Actions speak louder than words

“He’s just not that into you if he’s not calling you — Men know how to use the phone”

— Greg Behrendt


IN last Friday’s Mail & Guardian, Bongela wrote an article “A deep desire to believe” in which among other things, she touched on the emotions of two women, one single and the other married.

She mentioned her interest in doing a documentary on the “extraordinary number of black women in Johannesburg who are beautiful, intelligent, career savvy, independent and confident in all areas of their lives, yet single.”

This piqued my interest and gave me an excuse to delve into the book, He’s Just Not That Into You, by comedian Greg Behrendt and Liz Tuccillo, which sold millions of copies and was featured on Oprah Winfrey’s show.

It’s one that should be compulsory reading for young women and which older single women will find useful too.

It gives an interesting and humorous insight into how a woman can make excuses for a man, thereby refusing to acknowledge what his actions really mean.

Even though the book is based on the experiences of American women, clearly the issues raised therein are global.

According to Greg, He is not that into you if he:

Is too busy to call — The case of the guy who says he will phone and doesn’t was explored in detail.

There are variations — promises to call tomorrow but the call only comes after a week, or if left to his own devices, sometimes never.

Excuses ranged from too busy at work, a sick relative, no signal or having to go out of town at short notice.

Oftentimes the women ended up calling in between thereby prolonging a relationship which is not going anywhere.

“Don’t be with someone who doesn’t do what they say they are going to do,” says the author.

According to him, a man will definitely make the time to call a woman he likes.

Sometimes it’s hard for a woman to accept that she is not that person.

Treats you badly — shouting, selfishness, bullying or even physical abuse is not a good sign says Greg.

One woman asks about her live-in partner who often yells and screams at her because “he is under pressure from exams”.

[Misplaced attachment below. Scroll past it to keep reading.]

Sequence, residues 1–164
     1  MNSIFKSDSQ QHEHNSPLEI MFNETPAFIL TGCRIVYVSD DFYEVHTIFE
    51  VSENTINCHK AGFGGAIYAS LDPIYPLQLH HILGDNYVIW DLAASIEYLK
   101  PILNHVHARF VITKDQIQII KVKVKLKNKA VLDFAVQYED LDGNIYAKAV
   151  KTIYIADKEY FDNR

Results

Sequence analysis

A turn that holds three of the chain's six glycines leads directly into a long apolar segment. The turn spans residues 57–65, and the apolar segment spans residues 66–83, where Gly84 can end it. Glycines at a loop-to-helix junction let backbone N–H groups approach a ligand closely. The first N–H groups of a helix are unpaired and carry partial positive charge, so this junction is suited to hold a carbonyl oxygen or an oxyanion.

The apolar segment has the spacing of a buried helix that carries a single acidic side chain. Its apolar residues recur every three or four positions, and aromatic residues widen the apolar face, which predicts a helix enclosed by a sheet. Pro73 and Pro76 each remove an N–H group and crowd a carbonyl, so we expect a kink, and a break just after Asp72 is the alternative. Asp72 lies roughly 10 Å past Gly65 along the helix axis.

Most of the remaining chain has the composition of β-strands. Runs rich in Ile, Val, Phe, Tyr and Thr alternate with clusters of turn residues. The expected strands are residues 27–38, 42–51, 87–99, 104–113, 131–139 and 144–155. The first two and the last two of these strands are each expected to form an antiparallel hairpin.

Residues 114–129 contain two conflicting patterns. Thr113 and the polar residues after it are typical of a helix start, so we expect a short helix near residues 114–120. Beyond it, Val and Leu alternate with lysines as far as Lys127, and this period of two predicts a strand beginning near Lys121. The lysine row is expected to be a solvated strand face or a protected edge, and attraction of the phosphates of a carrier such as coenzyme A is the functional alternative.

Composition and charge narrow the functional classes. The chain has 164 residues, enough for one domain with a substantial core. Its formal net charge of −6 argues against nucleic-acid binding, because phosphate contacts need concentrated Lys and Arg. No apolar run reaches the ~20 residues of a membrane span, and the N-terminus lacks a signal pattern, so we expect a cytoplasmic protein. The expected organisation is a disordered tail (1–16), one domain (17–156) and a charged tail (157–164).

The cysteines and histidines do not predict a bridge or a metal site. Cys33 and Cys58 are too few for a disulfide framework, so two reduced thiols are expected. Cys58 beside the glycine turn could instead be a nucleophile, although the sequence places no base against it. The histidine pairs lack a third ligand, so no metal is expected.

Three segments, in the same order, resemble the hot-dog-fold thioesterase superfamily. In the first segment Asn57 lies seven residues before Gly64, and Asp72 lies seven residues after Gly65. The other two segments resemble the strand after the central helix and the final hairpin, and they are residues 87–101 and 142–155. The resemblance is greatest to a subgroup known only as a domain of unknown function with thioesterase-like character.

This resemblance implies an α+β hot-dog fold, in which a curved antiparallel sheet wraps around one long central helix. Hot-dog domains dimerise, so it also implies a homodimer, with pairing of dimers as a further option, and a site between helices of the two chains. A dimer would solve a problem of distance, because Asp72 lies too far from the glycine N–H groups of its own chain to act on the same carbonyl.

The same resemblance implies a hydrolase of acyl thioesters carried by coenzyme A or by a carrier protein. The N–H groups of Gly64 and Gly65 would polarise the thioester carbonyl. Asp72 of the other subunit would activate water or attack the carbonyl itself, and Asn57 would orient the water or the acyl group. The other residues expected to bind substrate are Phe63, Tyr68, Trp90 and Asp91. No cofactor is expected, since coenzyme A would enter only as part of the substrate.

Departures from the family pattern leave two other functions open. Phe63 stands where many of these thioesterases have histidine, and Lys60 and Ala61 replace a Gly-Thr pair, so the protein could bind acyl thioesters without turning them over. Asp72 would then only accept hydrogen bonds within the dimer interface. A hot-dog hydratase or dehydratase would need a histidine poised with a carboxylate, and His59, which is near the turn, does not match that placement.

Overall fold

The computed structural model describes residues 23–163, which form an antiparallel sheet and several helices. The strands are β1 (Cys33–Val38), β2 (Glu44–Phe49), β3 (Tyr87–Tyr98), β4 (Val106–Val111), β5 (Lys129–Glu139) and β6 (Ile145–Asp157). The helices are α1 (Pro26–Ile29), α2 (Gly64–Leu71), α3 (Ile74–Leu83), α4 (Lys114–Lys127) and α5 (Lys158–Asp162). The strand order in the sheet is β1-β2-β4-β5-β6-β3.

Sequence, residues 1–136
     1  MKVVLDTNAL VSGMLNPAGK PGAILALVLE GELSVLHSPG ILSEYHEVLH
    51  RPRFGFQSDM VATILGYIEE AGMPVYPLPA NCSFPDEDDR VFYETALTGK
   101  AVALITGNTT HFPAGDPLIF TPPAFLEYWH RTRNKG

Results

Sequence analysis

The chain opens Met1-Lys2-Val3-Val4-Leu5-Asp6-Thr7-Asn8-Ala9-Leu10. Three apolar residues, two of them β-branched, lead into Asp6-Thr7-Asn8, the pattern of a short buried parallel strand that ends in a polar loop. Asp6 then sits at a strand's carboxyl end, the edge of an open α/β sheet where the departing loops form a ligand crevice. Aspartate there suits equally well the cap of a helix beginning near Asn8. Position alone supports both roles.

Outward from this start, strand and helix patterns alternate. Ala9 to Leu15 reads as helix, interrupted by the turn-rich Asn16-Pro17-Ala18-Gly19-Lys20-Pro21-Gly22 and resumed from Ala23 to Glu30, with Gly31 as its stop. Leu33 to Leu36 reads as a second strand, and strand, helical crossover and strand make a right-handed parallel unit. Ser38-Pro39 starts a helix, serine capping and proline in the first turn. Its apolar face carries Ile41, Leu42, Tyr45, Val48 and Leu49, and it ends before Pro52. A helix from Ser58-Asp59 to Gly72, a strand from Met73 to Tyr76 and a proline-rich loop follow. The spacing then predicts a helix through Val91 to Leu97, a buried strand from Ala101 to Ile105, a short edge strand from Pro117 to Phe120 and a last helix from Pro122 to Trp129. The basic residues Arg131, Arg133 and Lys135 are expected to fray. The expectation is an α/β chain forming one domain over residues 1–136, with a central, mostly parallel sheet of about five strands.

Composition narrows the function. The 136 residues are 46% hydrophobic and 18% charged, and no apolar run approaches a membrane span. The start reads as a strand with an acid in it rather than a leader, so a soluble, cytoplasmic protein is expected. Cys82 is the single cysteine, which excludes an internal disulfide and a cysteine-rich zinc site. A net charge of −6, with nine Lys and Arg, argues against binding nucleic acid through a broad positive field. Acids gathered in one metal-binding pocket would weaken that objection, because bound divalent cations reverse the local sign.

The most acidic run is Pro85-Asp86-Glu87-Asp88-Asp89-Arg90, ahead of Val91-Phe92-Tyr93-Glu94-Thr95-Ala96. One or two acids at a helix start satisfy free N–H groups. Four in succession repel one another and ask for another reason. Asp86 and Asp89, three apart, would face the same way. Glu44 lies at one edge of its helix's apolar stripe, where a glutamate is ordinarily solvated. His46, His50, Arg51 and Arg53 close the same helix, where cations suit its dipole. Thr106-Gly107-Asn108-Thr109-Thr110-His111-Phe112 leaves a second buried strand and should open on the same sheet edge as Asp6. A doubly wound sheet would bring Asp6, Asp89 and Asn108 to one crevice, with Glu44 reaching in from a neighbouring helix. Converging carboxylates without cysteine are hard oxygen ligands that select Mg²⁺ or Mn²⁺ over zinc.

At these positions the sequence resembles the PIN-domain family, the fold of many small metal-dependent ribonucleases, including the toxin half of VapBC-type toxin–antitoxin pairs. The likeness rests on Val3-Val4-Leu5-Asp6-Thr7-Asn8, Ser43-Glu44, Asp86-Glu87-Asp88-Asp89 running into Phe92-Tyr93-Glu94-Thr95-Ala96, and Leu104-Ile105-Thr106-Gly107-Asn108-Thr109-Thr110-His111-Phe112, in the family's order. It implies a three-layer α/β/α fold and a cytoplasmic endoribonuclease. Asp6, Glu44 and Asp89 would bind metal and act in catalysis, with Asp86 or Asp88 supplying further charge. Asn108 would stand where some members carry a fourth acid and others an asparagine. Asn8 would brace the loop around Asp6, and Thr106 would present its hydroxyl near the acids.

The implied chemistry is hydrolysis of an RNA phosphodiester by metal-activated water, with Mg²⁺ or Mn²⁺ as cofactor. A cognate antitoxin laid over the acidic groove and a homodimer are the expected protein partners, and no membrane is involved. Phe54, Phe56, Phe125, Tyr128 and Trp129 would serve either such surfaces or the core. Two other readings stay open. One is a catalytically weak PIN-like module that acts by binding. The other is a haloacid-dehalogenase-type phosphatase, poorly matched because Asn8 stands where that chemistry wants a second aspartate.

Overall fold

This is a crucial point because if girls learn to nip bad relationships in the bud then there would be fewer abusive marriages.

It reminded me of a high profile case in Zimbabwe some years ago in which a young wife was eventually killed by her husband.

It turned out violence had always been a feature in their relationship even when she was at university.

Despite this she still went on to marry him and on that fateful day she had started legal proceedings to leave.

In case you are wondering, a few weeks later the man died, under unclear circumstances while in prison awaiting trial.

Is cheating or is unavailable — Unavailable in this instance is another word for married or in a long-term relationship.

Many a girl confessed to being with someone who “is not ready to leave but his wife is really mean to him”.

One reason was he would leave but the children would be devastated.

Cheating is a thorny issue and when caught out some claimed it was an accident and hadn’t meant to.

Greg polled a number of men and they confirmed that it’s never an accident, although some were keen to know how and where they could encounter such accidents.

One wonders, isn’t it easier for the male friend to just say exactly what he is thinking instead of behaving strangely and hoping the woman will get the message?

Apparently not.

“A man would rather be trampled by elephants that are on fire than tell you that he’s just not that into you.”

So what’s a woman to do?

Reset your standards is the advice at the end of the book, by raising them a couple of notches.

After being asked why he doesn’t write a book for men called She’s Just Not That Into You, the author said it would only sell eight copies because men don’t process heartbreak by going out to buy a book.

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